The second point was that he knew enough of how things were in Russia—he had close friends there, Joffe and Kapitza and Landau and many others—to be quite certain that the wartime alliance would not endure the peace as things then stood. He therefore anticipated an unheard-of arms race. He came to know about the possibility of a great increase in the power of bombs by using thermonuclear reactions, and referred to this discreetly when he wrote to Anderson, to Roosevelt, to Churchill. He expected, more I think than really has happened, that these immense enterprises of 1943 would not be so hard for a nation to undertake in ’53 and ’63. He wanted to try to prevent this arms race, but to do much else besides. He was clear that one could not have an effective control of atomic energy, which would permit useful application, and a free science and a free spirit of enquiry, without a very open world. He made this quite absolute. He thought that one would have to have privacy. He needed privacy, as we all do; we have to make mistakes and correct them as we learn better. But in principle everything that might be a threat to the security of the world would have to be open to the world.

Bohr knew that the Communists took quite a disdainful attitude towards speaking or revealing the truth; he understood how very much this had gone beyond the tactical duplicity recommended by Lenin to the most dangerous kind of self-delusion. In 1948, after a visit, he wrote General Marshall, the Secretary of State, “What it would mean, if the whole picture of social conditions in every country were open for judgment and comparison, need hardly be enlarged upon.”

From all this he understood that it would not be quite in character for the Soviet Union to make an open world. He felt that it was essential to attempt to engage that government by very early consultation—consultation in a hopefully cautious spirit of friendliness with an ally that had been invaded and occupied with a desperate defensive war. He hoped we would be prepared to offer full cooperation in scientific progress and industrial exploitation, if there were any, in a world in which there were adequate safeguards and, above all, in an open world. He hoped that the situation in which the Russians would find themselves, and what we would have to offer them, and the opportunity for associating themselves with a great, forward-looking change in the world, might alter the whole character of Soviet policy, and thus set a new model of international relations. In an essential and major way force would then cease to play its decisive part, and nations would exert an influence by their example, persuasion, and the extent to which they could truly contribute to the common welfare of men. He saw an example of complementarity, of which as a youth he thought and wrote so much: the complementarity between love and justice. Of all this he spoke, while still in England, to Anderson. Just a few months before his death, Waverly said to me that he had never been reconciled to the fact that Bohr’s counsel had not been followed.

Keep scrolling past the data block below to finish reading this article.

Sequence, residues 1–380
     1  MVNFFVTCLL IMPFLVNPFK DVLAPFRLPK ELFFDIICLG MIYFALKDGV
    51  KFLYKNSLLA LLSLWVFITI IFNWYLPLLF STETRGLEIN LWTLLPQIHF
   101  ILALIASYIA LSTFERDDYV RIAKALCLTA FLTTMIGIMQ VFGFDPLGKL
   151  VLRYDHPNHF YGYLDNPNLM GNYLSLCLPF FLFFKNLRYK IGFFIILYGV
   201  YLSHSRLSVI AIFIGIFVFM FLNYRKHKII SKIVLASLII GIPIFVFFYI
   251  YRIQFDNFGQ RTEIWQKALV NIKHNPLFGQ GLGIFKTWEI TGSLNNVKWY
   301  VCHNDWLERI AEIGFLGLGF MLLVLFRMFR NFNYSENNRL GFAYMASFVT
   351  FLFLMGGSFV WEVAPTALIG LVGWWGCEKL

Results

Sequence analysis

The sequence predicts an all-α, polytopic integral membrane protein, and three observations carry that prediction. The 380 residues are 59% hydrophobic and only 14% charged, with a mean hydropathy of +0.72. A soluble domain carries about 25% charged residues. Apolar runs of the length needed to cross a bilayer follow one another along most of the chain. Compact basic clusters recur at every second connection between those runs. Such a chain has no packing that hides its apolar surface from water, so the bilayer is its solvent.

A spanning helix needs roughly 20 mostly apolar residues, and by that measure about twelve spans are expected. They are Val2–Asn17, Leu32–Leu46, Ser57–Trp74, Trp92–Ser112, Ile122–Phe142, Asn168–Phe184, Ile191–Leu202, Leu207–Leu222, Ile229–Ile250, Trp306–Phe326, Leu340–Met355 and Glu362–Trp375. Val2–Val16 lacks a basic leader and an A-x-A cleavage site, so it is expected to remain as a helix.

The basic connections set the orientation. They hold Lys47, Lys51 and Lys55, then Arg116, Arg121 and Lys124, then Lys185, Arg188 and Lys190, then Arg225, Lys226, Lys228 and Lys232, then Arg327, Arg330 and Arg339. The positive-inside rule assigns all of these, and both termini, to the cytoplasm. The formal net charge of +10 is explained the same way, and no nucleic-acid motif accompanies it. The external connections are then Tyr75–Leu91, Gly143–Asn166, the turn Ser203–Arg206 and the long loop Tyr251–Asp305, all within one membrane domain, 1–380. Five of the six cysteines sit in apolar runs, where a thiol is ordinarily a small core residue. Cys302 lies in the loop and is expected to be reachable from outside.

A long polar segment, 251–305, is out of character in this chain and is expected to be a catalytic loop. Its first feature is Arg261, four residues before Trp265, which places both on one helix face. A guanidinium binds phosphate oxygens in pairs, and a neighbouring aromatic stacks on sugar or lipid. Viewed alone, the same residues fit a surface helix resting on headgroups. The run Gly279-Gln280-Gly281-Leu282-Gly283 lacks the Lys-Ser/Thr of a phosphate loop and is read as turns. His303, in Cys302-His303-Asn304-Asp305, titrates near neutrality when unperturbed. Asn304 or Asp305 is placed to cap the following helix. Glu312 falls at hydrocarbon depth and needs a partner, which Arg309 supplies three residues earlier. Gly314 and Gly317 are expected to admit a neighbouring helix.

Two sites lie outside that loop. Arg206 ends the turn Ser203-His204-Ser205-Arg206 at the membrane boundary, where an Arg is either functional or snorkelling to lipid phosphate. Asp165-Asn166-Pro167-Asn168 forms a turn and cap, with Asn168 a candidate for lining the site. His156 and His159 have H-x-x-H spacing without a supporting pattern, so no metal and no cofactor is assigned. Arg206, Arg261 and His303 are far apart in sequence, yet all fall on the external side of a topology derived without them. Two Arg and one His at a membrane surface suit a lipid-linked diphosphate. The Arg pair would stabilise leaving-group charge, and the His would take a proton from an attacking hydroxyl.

Bohr came to the United States late in 1943. His cover, which was true, was that he would try to advance the cause of international scientific collaboration after the war. Officially and secretly he came to help the technical enterprise. Most secretly of all, and with Anderson’s concurrence, he came to advance his case and his cause. When he arrived in late ’43, he saw the Ambassador of the United Kingdom, Lord Halifax, and his own Ambassador, De Kauffmann, who with great bravery and gallantry represented his nonexistent government and associated it with us in the conduct of the war. Through them he met Justice Frankfurter again. The Justice had heard in very general terms of the atomic undertaking; he listened to Bohr with growing and very deep respect. Then Bohr came with his son, Aage, his companion, his confidante, to Los Alamos.


Bohr at Los Alamos was marvelous. He took a very lively technical interest. But his real function, I think for almost all of us, was not the technical one. He made the enterprise seem hopeful, when many were not free of misgiving. Bohr spoke with contempt of Hitler, who with a few hundred tanks and planes had tried to enslave Europe for a millennium. His own high hope that the outcome would be good, that the objectivity, the cooperation of the sciences would play a helpful part, we all wanted to believe.

Early in 1944 Justice Frankfurter talked to Roosevelt about Bohr’s ideas. The President listened with great interest, and with a word of encouragement, which he asked Bohr to take back to England. At that time, Anderson had talked to the Prime Minister, seeking to extend discussion of the future of atomic energy within the British Government. This did not appeal too much to Churchill. Bohr went back in April of ’44, with the word for Anderson of Roosevelt’s interest. Bohr learned from the First Secretary of the Soviet Embassy of a letter for him from Kapitza, who had been in Cambridge, was well loved by Rutherford, well known to Bohr, and later prevented by the Russians from leaving Russia. Kapitza wrote, asking Bohr, of whose escape to Sweden he had heard, to come to Russia, saying that things had been hard, but that now they could work again, and that Bohr would be very much at home among colleagues. Bohr concluded that the Russians were interested in practical nuclear problems. His answer was friendly; he said he had other plans to promote international cooperation after the war was won.